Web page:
Job fair attracts crowds at Wadena National Guard Armory
Rural Minnesota Concentrated Employment Program Inc. hosted a job fair on April 12, 2023, at the Wadena National Guard Armory that was open to students and then, later that day, to the public.
Curiosity, hope and excitement were not in short supply at the job fair hosted by Rural Minnesota Concentrated Employment Program Inc. at the Wadena National Guard Armory on Wednesday, April 12.
Wadena-Deer Creek High School students and friends Kay Leeberg, a sophomore, and Kieza Chandler, a junior, were among the many who talked to prospective employers and colleges.
“My (school) superintendent suggested that all sophomores and juniors attend, so I thought it'd be interesting to see what kind of jobs are out there,” Leeberg said.
The 16-year-old Leeberg already has a job, actually, working as a server at The Uptown on Jefferson Street South and Colfax Avenue Southeast in downtown Wadena.
“I actually want to do cosmetology,” Leeberg said. “I like experimenting with things, I like to touch, I like to do hair and I like to make other people feel good about themselves.”
Leeberg and Chandler were making the rounds together, and had stopped at the informational table for Seasons Adult Foster Care in Staples. Like many other businesses at the job fair, the foster care representative offered free candy, pens and more as enticements to sign up.
“I like working with people and I like making them feel like they have someone to go to if they want to talk to anybody. … I feel I'd reach out to them and see if they need anybody because I’d really like to help other people,” Leeberg said of making a pitstop at the foster care provider.
About 200 students from areas such as Wadena, New York Mills, Sebeka, Bertha, Verndale and Staples were invited to explore careers, and speak with employers about summer work or after-school jobs – students like Chandler – while the public was invited to attend afterward.
“I thought it would be interesting to see all the different jobs I could do when I'm older,” Chandler said. “I think it's pretty cool that you can get some hands-on stuff and just talk to people, instead of going out and just asking for an application.”
The 17-year-old Chandler already works at The Meadows of Wadena-Senior Living, an assisted living and memory care facility.
“I think it’s something I want to pursue further,” Chandler said. “I kinda want to go into, like, human services.”
Representatives from Astera Health, Barrett Petfood Innovations, Central Lakes College, Perham Health, Mason Brothers Wholesale Grocery, Minnesota Department of Transportation and Wadena County Human Services, just to name a few, were on hand at the four-hour job fair.
“We like to help employers get employees,” said Evelyn Fowler, team leader at Rural Minnesota Concentrated Employment Program Inc. of Wadena. “COVID probably was the biggest culprit. With all the extras that they gave off for unemployment, people are doing OK.”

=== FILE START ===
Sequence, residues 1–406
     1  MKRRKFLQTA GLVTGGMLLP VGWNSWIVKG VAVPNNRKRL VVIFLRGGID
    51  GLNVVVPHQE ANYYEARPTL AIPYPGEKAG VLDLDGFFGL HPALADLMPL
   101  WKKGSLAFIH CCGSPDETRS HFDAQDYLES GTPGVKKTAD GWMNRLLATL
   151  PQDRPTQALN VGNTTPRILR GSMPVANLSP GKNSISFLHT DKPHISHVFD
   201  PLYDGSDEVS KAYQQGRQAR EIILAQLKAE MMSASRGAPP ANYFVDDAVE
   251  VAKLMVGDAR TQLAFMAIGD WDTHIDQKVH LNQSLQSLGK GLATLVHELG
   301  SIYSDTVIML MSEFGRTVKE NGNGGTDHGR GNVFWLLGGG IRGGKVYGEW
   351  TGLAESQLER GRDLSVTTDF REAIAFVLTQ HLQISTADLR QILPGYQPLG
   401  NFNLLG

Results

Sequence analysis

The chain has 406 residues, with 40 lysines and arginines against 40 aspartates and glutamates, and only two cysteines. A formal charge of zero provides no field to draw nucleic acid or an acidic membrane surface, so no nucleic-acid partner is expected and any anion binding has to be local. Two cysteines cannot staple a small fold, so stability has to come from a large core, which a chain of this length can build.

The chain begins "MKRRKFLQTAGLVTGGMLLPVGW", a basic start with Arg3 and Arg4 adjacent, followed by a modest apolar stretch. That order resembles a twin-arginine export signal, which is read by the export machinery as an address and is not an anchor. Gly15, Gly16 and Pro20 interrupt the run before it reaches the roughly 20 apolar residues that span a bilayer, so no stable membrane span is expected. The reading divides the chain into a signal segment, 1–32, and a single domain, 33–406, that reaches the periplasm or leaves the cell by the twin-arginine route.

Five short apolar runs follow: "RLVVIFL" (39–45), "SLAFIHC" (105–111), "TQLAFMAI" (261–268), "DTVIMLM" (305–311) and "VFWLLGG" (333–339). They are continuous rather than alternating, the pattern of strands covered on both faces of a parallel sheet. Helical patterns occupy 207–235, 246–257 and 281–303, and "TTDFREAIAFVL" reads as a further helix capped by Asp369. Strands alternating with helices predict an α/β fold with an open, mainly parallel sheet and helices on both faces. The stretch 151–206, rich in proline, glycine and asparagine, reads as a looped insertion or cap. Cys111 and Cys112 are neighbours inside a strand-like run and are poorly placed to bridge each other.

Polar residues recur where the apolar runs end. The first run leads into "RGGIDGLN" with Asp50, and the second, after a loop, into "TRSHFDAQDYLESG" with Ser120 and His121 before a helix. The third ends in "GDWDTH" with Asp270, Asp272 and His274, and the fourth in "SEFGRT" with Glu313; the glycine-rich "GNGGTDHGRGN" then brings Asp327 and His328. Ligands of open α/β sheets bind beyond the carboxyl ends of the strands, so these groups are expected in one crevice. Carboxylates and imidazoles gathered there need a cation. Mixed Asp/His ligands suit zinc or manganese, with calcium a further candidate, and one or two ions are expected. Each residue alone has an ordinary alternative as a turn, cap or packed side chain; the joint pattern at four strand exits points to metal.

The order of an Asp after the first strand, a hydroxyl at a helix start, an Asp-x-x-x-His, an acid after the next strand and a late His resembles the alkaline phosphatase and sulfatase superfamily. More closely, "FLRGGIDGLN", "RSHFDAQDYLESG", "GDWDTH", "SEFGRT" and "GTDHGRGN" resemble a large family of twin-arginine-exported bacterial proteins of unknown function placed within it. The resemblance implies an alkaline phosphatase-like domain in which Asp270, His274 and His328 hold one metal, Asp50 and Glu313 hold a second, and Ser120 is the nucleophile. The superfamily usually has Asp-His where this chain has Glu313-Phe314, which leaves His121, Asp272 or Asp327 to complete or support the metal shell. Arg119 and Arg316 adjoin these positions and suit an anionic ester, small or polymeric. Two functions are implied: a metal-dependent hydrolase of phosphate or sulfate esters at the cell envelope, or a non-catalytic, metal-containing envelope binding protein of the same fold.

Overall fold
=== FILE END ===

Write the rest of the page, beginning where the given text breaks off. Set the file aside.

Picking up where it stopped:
And as if the more than 30 employers at the job fair were not enough, the Big Ideas semi from New Ulm was parked outside the armory; inside the semi, attendees could explore more than 20 virtual reality jobs, from welding to heavy equipment operating.
“People are closing because they don't have enough staff,” Fowler said of business owners. “Nobody can keep staff so we're trying to educate the public. We're trying to help them with resumes and how to get out there and search for jobs.”
Resume and job search classes were offered for free at the job fair, and Rural Minnesota Concentrated Employment Program had job counselors on site to help if anyone had questions about writing resumes and cover letters.
“We're working with students so that we can hook them up with summer jobs after school and help them to get into the workforce because, obviously, they are the workforce coming up, so we want to get them excited about working,” Fowler said.
"Also, we have other services we do beyond helping job seekers. We offer many employer programs through grants to help them grow and sustain their business."
Jessica Nichols is the human resources plant representative for Trident Seafoods, which includes a Motley location, and she was among the many prospective employers at the job fair.
“I've done HR for quite some years and I just love the recruiting process at it,” Nichols said. “I love seeing new faces and getting new talent.”
The Motley plant has 135,000 square feet of processing space and is North America’s largest producer of surimi seafood products, with an annual capacity of over 100 million pounds, and employs upwards of 400 full-time team members at full capacity.
“A lot of people don't know that one of the biggest production facilities in Minnesota is located right down the street in Motley,” Nichols said. “And what we are looking for (in a job candidate) is someone with a good work ethic, someone that's going to show up and really be responsible.”
FRANK LEE is a features writer for the Wadena Pioneer Journal. He may be reached at 218-631-6470 or at firstname.lastname@example.org .